Perspective on Parallel Programming

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					12 – Shared Memory Synchronization

• Caches contain all information on state of
  cached memory blocks
• Snooping cache over shared medium for smaller
  MP by invalidating other cached copies on write
• Sharing cached data  Coherence (values
  returned by a read), Consistency (when a written
  value will be returned by a read)

•   Synchronization
•   Relaxed Consistency Models
•   Fallacies and Pitfalls
•   Cautionary Tale
•   Conclusion


• Why Synchronize? Need to know when it is safe for
  different processes to use shared data
• Issues for Synchronization:
   – Uninterruptable instruction to fetch and update memory (atomic
   – User level synchronization operation using this primitive;
   – For large scale MPs, synchronization can be a bottleneck;
     techniques to reduce contention and latency of synchronization

  Uninterruptable Instruction to Fetch
  and Update Memory
• Atomic exchange: interchange a value in a register for a value in
   0  synchronization variable is free
   1  synchronization variable is locked and unavailable
   – Set register to 1 & swap
   – New value in register determines success in getting lock
       0 if you succeeded in setting the lock (you were first)
                  1 if other processor had already claimed access
   – Key is that exchange operation is indivisible
• Test-and-set: tests a value and sets it if the value passes the test
• Fetch-and-increment: it returns the value of a memory location
  and atomically increments it
   – 0  synchronization variable is free

         Uninterruptable Instruction to Fetch
         and Update Memory
• Hard to have read & write in 1 instruction: use 2 instead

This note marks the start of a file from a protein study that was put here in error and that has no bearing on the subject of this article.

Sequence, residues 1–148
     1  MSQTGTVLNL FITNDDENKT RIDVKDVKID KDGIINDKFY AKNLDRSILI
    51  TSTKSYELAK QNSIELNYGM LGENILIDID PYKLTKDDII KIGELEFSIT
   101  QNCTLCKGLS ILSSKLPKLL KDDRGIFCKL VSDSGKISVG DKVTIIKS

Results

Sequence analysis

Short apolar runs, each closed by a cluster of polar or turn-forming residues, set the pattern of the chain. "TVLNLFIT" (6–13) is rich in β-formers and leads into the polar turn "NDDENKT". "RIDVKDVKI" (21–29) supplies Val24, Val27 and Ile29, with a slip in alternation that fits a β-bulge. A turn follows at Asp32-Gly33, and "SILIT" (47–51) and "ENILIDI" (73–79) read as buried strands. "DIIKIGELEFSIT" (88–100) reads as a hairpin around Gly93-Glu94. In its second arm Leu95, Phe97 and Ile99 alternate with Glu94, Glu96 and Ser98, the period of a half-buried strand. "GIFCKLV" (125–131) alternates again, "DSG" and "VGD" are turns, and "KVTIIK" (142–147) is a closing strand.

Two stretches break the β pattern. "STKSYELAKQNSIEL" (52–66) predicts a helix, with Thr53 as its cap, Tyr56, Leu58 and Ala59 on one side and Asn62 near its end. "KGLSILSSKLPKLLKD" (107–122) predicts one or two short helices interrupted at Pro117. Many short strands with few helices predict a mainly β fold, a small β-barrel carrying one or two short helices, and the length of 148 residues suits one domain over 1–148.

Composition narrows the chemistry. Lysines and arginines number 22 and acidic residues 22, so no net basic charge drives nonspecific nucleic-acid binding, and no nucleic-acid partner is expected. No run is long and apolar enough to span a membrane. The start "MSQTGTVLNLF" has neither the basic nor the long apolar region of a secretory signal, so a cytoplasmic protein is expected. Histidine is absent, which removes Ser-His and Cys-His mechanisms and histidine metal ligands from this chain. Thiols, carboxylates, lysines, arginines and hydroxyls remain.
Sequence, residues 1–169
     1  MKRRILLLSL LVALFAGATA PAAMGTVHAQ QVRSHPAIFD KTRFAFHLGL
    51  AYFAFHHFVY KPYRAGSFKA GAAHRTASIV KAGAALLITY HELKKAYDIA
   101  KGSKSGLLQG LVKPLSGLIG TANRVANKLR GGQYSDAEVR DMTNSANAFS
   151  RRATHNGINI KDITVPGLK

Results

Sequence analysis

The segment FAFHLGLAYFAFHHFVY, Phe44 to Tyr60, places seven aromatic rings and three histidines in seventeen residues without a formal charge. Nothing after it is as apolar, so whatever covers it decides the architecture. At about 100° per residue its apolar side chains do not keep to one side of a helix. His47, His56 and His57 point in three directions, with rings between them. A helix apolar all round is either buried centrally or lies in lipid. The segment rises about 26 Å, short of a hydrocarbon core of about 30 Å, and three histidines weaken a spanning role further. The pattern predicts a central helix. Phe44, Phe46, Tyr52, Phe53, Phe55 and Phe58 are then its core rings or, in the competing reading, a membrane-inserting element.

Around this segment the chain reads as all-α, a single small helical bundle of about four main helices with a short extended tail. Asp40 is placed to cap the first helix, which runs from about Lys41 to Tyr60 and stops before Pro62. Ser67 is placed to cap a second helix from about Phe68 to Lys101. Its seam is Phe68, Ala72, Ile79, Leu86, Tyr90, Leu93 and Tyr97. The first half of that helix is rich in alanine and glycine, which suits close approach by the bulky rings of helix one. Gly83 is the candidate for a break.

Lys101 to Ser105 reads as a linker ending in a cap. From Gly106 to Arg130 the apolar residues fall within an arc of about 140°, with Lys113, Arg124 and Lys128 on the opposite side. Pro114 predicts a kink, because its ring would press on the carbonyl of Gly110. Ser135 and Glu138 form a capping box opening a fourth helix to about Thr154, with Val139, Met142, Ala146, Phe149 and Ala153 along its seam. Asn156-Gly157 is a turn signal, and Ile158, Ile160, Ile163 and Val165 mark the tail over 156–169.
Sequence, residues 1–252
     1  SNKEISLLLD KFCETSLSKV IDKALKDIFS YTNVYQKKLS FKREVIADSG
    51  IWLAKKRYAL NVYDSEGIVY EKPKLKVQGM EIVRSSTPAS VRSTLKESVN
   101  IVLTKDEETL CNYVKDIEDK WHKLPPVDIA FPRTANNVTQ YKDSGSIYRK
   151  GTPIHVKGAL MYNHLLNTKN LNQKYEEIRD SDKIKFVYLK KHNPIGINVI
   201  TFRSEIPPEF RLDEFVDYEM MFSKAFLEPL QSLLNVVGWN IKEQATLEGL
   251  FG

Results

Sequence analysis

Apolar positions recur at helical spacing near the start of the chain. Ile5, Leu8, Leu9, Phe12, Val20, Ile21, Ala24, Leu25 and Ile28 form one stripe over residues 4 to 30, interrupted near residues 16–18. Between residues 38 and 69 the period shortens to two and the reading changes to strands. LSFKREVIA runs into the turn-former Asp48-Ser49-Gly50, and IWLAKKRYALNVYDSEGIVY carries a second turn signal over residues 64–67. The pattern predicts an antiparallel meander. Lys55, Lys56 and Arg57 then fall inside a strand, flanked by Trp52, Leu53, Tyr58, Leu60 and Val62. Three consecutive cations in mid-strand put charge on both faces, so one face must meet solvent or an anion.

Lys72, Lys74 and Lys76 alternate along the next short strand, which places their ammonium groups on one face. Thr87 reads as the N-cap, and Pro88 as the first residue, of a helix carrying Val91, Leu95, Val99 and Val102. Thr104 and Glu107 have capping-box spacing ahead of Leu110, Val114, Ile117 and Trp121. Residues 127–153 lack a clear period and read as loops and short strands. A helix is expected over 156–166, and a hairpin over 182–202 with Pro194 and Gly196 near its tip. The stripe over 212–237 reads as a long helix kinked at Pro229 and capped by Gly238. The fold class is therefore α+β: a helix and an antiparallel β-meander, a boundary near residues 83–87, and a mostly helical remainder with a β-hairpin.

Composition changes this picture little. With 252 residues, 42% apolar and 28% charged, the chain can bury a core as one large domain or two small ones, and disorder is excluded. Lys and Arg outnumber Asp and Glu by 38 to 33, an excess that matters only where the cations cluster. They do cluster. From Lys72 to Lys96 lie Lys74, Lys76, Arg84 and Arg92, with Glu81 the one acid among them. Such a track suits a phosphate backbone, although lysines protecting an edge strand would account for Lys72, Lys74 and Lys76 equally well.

• Load linked (or load locked) + store conditional
    – Load linked returns the initial value
    – Store conditional returns 1 if it succeeds (no other store to same memory location
      since preceding load) and 0 otherwise
• Example doing atomic swap with LL & SC:
  try:   mov      R3,R4               ; mov exchange value
         ll       R2,0(R1) ; load linked
         sc       R3,0(R1) ; store conditional
         beqz     R3,try              ; branch store fails (R3 = 0)
         mov      R4,R2               ; put load value in R4
• Example doing fetch & increment with LL & SC:
  try:   ll       R2,0(R1) ; load linked
         addi     R2,R2,#1            ; increment (OK if reg–reg)
         sc       R2,0(R1) ; store conditional
         beqz     R2,try   ; branch store fails (R2 = 0)

    User Level Synchronization

• Spin locks: processor continuously tries to acquire, spinning
  around a loop trying to get the lock
                li       R2,#1
  lockit:       exch     R2,0(R1)           ;atomic exchange
                bnez     R2,lockit          ;already locked?
• What about MP with cache coherency?
   – Want to spin on cache copy to avoid full memory latency